Methionine is a protein-based amino acid and lipotropic compound that helps with metabolism and breaks down fat. It can also help with chelation, which is the removal of heavy metals from the body to ensure that the liver, kidneys, and bladder remain healthy. This amino acid preserves artery function and maintains healthy nails, hair, and skin. Additionally, it is essential for muscle growth and energy.
The human body does not naturally produce methionine, so humans can only get it by ingesting it. Sources include protein-rich foods like eggs, fish, and Brazil nuts, as well as cereal grains. People can also get it through a supplement or through intravenous (IV) therapy administered by a health care provider.
Maintaining a sufficient level of methionine in the body helps ensure overall good health. Some common but significant side effects of deficiency include liver damage, edema, and brittle hair. Low levels can slow normal growth and development in children, and in pregnant women may result in neural tube defects in infants, such as myelomeningocele or spina bifida. Deficiencies can also lead to severe mental disorders.
The most common medical use of this amino acid is as a preventative treatment for liver damage caused by acetaminophen poisoning. Acetaminophen is typically found in prescription and over-the-counter pain relievers. Taking too much can cause serious liver damage. Medical care staff usually administer methionine orally or intravenously within 10 hours of an overdose in order to help prevent liver damage.
This compound is also prescribed by alternative medical practitioners to boost protein levels for vegetarians and vegans who may not ingest enough in their normal diets. It is beneficial for those who metabolize large quantities of proteins, such as athletes, and is often recommended as a protein replacement for people who are considered heavy drinkers. Patients suffering from adult Attention Deficit Hyperactivity Disorder (ADHD) may consider taking this supplement for chelation; and those with fibromyalgia might take it to help their muscles work properly.
In addition, this substance works to reduce histamine levels in the body to allow the nerves to work properly and to assist with memory. Histamines act as neurotransmitters, so problems with histamine levels can affect how the nerves work throughout the body. They can cause allergic reactions and dilate blood vessels, affecting the way the brain sends and receives messages. As a result, methionine supplements are sometimes given to those with Parkinson’s and Alzheimer’s disease.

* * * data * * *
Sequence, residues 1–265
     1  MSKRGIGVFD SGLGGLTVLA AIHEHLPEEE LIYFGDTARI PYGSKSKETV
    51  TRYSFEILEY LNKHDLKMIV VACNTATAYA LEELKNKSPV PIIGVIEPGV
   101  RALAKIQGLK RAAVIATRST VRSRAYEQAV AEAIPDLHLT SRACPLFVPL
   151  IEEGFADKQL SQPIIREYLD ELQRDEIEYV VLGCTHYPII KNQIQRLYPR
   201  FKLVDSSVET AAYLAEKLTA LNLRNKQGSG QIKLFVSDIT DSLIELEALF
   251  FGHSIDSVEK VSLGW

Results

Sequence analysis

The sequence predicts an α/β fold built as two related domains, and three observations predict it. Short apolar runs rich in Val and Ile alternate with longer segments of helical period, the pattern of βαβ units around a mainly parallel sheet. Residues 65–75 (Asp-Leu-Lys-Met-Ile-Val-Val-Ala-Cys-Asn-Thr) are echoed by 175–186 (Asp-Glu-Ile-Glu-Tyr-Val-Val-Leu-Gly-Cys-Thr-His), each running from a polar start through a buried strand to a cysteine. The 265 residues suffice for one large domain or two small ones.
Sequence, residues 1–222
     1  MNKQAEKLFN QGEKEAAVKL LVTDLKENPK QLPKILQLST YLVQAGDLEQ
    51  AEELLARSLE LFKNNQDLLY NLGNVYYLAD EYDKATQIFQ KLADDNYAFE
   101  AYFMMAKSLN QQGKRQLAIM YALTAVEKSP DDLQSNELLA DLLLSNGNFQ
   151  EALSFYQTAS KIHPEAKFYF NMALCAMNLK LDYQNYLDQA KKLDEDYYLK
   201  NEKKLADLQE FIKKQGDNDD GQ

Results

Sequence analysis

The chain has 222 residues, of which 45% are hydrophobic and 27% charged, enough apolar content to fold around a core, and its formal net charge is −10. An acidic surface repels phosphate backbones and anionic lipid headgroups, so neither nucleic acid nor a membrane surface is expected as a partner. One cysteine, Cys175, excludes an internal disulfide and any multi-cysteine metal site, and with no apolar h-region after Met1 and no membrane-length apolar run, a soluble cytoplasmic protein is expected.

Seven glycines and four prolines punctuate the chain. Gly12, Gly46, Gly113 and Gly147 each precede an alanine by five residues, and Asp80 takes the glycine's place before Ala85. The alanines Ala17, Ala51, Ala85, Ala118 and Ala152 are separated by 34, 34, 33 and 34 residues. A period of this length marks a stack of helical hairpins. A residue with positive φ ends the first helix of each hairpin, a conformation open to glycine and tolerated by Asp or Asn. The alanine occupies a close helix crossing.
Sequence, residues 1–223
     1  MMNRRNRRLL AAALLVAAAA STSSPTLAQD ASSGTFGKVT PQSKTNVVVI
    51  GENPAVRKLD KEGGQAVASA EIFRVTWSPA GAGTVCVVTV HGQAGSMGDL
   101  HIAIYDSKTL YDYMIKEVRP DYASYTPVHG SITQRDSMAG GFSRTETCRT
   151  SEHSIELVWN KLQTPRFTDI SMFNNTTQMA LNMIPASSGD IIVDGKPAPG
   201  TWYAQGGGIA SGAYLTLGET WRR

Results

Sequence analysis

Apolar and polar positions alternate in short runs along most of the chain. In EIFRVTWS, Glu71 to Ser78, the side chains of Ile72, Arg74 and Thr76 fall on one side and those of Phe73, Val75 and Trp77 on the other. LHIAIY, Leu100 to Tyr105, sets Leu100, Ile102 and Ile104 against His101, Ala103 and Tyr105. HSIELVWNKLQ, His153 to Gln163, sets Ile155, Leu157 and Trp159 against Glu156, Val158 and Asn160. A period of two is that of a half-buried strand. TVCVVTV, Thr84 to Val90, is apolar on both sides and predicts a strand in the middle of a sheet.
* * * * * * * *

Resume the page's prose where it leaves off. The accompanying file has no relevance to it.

Side Effects and Precautions
Methionine can cause allergic reactions and other side effects, regardless of the form its taken in. The most common side effects are nausea and vomiting. Some people feel drowsy after taking it. Emergency medical attention may be necessary if a person shows signs of a several allergic reaction such as difficulty breathing, chest tightness, and swelling.
Pregnant women or nursing mothers should not take methionine supplements without first consulting their healthcare provider, because it's not clear how they affect a postpartum body. Those who take oral contraceptives should also inform a medical professional before taking it, since it increases estrogen production. This amino acid can worsen existing conditions such as liver disease, acidosis, and schizophrenia. While it has no known negative interactions with other drugs, patients should tell their medical care provider about any other medications or supplements they are using prior to starting methionine.